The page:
Welcome to our first official blog post for The Sloth Conservation Foundation – and just in time for International Sloth Day which we celebrated on October 20th. One of the most important things for us here at SloCo is education. That doesn’t mean just helping those individuals or organisations who work directly with Sloths (although we do like doing that as well), but also the future generations and local communities. In order to instigate long-term change, we strongly believe that planting the seeds of knowledge and awareness from an early age are the key to success.

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With this in mind, we recently embarked on our first environmental education program in a local school in Costa Rica and have now completed three separate workshops, all aimed at teaching children between the ages of 3-5 about the wonders of their local wildlife. We have covered not only sloths (of course) but also monkeys and snakes. Although the missions of SloCo target conservation of sloths in the wild, it is hugely important to us that the children who live in this environment – the children who will grow up to be responsible for future conservation efforts – know as much as possible about the wildlife that surrounds them every day. Many of the issues that are threatening sloth populations are having a similar effect on a multitude of species: poaching, electrocution, traffic collisions, animal cruelty and habitat loss to name a few.

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So why is education important? Most of the issues that sloth populations are facing are caused by humans. We are the reason that trees are being chopped down and replaced with towns, roads, fruit plantations and pastures. It’s a local problem – from individuals carrying out the act to authorities permitting it, but also an international problem – from the consumers who want the cheap fruit to the irresponsible tourists and importers / buyers of sloths for the pet trade.

Adding to that, sloths haven’t always had the best reputation in Central and South American countries. In 1749, French naturalist Georges Buffon was the first to describe the creature in his encyclopedia of life sciences, saying:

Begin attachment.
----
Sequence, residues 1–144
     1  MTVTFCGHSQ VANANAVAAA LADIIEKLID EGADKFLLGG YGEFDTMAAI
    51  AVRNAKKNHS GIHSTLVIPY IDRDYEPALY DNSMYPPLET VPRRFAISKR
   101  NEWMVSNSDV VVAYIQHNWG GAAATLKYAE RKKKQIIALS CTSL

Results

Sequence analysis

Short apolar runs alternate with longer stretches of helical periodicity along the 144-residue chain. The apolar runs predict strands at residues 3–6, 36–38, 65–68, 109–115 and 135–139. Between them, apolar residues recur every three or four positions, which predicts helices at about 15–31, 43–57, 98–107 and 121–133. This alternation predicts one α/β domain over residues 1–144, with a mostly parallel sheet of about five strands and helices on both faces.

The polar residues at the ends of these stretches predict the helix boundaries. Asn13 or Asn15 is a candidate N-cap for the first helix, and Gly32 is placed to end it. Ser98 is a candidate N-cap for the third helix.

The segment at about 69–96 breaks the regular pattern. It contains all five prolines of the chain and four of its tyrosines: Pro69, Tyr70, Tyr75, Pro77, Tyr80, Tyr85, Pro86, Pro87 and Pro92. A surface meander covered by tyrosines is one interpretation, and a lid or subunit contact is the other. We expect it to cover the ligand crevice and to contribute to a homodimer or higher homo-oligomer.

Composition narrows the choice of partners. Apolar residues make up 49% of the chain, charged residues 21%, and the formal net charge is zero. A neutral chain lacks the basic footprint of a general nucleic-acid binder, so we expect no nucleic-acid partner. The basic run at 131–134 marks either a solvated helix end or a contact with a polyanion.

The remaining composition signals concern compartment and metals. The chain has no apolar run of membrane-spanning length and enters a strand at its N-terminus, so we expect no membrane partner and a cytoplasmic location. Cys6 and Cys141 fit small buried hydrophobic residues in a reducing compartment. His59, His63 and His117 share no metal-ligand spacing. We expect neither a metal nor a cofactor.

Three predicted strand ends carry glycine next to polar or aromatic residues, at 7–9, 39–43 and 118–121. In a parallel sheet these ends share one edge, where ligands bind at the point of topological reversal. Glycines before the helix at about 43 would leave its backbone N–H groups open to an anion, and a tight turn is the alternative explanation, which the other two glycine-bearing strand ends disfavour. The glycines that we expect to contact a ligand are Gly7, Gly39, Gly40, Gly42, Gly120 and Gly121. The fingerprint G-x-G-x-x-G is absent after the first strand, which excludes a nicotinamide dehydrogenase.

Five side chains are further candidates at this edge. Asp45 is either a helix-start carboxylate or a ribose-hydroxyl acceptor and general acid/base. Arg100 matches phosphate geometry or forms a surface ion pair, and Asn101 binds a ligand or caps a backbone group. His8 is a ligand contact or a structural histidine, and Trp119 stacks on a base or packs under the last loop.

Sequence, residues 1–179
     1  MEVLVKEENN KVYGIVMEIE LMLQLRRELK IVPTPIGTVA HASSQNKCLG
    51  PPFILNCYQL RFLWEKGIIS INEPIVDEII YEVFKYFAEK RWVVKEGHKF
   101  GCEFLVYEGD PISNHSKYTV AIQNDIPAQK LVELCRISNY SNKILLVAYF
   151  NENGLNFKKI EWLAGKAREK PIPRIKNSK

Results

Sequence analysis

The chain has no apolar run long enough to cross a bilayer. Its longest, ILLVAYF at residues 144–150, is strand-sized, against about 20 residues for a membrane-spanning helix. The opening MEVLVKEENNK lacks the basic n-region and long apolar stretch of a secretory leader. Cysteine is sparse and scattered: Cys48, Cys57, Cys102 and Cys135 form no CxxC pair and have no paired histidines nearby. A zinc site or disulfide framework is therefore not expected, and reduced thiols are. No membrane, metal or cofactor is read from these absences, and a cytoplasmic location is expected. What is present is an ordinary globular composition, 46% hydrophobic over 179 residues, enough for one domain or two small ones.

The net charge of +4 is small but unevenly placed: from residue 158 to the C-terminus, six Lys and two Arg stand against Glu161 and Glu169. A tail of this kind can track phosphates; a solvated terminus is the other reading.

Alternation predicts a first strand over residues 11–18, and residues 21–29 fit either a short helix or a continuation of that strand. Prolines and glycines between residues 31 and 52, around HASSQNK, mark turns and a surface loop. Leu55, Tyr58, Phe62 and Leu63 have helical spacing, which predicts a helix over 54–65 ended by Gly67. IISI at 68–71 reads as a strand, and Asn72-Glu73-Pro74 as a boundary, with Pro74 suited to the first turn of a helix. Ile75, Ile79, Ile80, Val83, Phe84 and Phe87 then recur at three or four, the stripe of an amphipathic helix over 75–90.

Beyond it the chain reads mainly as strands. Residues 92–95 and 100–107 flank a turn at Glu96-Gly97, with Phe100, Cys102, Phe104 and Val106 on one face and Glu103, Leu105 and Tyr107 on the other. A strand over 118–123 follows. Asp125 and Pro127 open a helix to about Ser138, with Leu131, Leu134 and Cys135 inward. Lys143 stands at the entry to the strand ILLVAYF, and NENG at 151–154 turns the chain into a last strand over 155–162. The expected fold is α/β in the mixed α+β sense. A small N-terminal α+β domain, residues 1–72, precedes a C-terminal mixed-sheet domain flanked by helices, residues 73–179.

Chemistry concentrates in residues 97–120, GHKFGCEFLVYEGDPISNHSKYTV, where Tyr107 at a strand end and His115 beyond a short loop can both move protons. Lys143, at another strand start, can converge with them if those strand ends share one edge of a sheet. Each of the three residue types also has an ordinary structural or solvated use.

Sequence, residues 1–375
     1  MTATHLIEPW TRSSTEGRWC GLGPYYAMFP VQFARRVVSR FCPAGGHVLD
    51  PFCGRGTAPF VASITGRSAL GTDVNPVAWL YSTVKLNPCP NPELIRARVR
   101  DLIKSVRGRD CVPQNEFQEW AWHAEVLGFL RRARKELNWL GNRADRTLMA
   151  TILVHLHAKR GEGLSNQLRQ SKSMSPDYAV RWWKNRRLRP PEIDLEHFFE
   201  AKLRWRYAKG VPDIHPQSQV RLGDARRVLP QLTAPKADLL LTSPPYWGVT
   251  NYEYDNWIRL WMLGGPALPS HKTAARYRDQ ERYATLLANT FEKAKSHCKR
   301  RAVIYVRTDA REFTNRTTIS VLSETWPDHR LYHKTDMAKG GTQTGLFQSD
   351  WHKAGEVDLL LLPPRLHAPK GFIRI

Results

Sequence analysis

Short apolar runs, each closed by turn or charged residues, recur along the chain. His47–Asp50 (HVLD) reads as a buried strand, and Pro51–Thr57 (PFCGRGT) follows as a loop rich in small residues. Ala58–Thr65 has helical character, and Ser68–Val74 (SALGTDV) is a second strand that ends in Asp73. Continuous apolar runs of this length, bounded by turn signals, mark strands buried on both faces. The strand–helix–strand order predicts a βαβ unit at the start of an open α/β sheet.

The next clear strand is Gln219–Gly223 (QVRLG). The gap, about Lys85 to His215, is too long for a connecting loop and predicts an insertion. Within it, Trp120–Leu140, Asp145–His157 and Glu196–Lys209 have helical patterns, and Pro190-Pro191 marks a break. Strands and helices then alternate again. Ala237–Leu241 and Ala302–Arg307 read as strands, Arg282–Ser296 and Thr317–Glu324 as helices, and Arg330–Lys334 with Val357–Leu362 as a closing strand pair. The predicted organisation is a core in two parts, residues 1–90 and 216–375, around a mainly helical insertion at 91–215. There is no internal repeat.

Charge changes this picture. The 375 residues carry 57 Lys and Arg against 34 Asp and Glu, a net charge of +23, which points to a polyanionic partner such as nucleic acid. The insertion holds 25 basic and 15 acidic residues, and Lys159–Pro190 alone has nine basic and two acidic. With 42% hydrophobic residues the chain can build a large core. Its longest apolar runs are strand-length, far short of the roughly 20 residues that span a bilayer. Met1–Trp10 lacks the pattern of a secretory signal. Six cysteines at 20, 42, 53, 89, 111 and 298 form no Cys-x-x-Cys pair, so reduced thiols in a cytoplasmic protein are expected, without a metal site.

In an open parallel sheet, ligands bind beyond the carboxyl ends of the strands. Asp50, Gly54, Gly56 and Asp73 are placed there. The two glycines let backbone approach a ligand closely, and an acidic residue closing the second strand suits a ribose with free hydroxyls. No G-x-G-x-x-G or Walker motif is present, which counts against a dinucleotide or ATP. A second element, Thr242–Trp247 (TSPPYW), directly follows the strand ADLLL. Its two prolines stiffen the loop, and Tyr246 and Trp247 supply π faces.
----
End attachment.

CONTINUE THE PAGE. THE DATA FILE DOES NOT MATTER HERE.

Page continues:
“Slowness, habitual pain, and stupidity are the results of this strange and bungled conformation. These sloths are the lowest form of existence. One more defect would have made their lives impossible.”

Given such a precedent, it is of little surprise that sloths are subject to such profound speculation and misinterpretation, ranging from the benign – that they sleep all day – to the creative anecdotes we regularly hear, such as: “Sloths are so stupid that they mistake their own arm for a tree branch”. Unfortunately, it can sometimes take a more sinister tone. Because sloths move so awkwardly on the ground and have moths and algae living in their hair, people occasionally perceive them as dirty and evil creatures. Some even go as far as “the devils animal”. Such a viewpoint is rooted in a lack of education, and it is incredibly important to change that. Why would anyone want to protect something that they think is grotesque? Or a perceived danger? As Baba Dioum once famously said:

“In the end, we will conserve only what we love, we will love only what we understand, and we will understand only what we are taught.”

The children that we teach may grow up to become future scientists, biologists, conservationists (to name a few), and as such, the simple power of education should never be underestimated.

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As part of our environmental education program we have taken school children to a nearby wildlife rehabilitation center – The Jaguar Rescue Center (JRC). The Jaguar Rescue Center was established in 2008 and is dedicated to helping animals in need. The JRC rehabilitates injured, sick and orphaned animals and releases those who are restored to good health back to their natural habitat (to find out more about this organization visit here). During our visit the children were able to see all of the animals that we had been talking about – up close and personal! They were also able to see first hand which animals are in trouble, learn why they ended up in rescue centers and see the ways that people are trying to help return them to the wild. Although this is our first school initiative, we will be continuing  and expanding this program throughout Costa Rica.

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n.b. huge thanks to the school and the teachers involved, as well as the amazing children we got to teach. Also thanks to Encar Garcia, Dexter Miller and Mat Bowman at The Jaguar Rescue Center.